A drug and a DNA variant increase heart disease risk in cancer survivors
Scientists from St. Jude Children's Research Hospital have identified a genetic variant associated with substantially increased risk of heart disease in survivors of childhood cancer treated with the chemotherapy doxorubicin. This connection was discovered in participants in the St. Jude Lifetime Cohort Study (St. Jude LIFE) and validated in another major cancer cohort, the Childhood Cancer Survivor Study (CCSS). The results were published today in the Journal of the National Cancer Institute.
"In this study, we have identified a new region in the genome that increases risk of cardiotoxicity in childhood cancer survivors," said first and corresponding author Yadav Sapkota, Ph.D., St. Jude Department of Epidemiology and Cancer Control. "This particular variant has never been identified before as a contributor to the mechanisms underlying cardiotoxicity."
Childhood cancer survivors often experience treatment-related toxicities later in life. The researchers observed that some survivors developed cardiac problems, while some did not, even when they received the same treatment. This gave them a hint that genetics may be responsible for developing cardiac problems later in life.
The heart-breaking variant and treatment combination
The scientists found a strong relationship in children with a particular genetic variant, the common chemotherapy agent doxorubicin and cardiac dysfunction later in life. Doxorubicin belongs to the anthracycline family of chemotherapy agents used to treat pediatric cancer. The newly identified genetic variant could help guide pediatric cancer treatment.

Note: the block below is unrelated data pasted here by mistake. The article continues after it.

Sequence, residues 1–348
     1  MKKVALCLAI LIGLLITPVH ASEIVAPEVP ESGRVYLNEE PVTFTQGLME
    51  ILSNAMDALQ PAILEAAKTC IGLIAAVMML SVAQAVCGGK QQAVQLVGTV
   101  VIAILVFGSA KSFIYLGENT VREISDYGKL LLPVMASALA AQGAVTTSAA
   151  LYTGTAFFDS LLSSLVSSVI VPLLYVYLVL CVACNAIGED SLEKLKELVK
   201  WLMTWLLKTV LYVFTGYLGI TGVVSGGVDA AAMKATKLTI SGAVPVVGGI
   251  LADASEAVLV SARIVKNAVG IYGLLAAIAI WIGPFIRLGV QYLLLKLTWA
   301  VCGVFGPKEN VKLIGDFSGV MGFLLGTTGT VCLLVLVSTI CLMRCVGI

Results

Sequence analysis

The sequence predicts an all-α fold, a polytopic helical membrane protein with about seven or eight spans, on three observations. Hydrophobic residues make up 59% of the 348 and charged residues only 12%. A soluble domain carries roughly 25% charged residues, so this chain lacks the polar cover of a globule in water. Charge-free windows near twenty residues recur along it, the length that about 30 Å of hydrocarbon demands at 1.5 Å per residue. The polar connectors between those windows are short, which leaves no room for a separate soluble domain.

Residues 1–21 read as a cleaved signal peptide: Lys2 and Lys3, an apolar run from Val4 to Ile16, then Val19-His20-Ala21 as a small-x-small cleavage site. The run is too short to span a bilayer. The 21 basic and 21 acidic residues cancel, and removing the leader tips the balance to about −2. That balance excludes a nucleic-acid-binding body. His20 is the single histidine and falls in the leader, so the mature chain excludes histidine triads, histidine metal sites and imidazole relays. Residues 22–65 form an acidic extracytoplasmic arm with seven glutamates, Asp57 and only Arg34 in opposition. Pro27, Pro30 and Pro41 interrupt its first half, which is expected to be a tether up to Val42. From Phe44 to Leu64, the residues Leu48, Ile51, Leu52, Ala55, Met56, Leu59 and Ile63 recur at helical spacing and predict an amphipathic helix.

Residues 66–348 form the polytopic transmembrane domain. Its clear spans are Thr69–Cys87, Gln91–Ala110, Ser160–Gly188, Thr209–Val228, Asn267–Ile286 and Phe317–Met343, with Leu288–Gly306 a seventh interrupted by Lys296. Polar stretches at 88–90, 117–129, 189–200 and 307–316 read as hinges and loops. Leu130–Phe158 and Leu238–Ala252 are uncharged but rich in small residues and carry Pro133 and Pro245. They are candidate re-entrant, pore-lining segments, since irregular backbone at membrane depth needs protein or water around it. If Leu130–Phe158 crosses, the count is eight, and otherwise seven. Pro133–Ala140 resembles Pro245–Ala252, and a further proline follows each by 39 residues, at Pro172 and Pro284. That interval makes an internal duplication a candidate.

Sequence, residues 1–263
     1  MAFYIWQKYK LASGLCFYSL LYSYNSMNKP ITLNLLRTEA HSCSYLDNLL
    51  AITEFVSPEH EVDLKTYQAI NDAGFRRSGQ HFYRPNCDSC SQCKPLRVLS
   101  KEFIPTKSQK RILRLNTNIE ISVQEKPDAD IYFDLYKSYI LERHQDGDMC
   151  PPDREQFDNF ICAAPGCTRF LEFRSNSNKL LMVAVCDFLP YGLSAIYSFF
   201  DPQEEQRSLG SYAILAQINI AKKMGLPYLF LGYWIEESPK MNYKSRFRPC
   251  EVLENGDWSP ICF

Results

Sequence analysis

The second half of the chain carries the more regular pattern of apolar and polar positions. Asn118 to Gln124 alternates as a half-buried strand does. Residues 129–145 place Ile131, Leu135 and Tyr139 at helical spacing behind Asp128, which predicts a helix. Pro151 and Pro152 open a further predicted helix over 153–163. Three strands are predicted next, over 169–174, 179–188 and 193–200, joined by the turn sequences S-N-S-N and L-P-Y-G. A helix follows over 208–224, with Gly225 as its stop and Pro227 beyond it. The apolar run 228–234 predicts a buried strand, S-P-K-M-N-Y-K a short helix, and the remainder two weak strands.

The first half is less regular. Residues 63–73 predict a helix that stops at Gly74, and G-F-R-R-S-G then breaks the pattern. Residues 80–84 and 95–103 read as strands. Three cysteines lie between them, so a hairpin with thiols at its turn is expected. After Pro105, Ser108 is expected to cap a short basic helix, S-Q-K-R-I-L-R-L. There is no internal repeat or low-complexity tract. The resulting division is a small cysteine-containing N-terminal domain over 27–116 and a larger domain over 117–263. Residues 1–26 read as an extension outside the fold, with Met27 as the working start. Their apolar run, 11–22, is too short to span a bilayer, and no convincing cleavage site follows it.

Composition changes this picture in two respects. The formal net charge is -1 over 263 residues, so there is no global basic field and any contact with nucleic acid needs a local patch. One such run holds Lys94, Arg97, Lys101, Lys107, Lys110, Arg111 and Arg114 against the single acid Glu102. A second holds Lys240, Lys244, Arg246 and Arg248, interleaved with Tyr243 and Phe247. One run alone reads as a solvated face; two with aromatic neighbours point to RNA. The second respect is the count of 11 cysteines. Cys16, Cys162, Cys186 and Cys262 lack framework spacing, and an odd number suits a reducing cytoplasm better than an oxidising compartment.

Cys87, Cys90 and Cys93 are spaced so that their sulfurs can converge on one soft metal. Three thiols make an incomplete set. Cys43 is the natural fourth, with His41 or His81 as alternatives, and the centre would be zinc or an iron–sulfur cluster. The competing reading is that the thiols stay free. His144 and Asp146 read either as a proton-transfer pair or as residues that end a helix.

"Patients who carry this variant may not have yet developed cardiotoxicity, but they could develop cardiotoxicity in the future," Sapkota said. "When we performed the analysis among those survivors who were exposed to doxorubicin as a pediatric cancer treatment without chest radiotherapy and daunorubicin, we see that cardiotoxicity risk was much higher in somebody who carries at least one copy of this particular variant. With just a single copy, a survivor will have a 3-times larger risk of developing cardiotoxicity compared to someone else who does not have the risk allele."
"But if somebody carries two copies of the variant," he said, "Then, that person will have a 9-times higher risk for development of cardiotoxicity compared to those who did not carry the allele."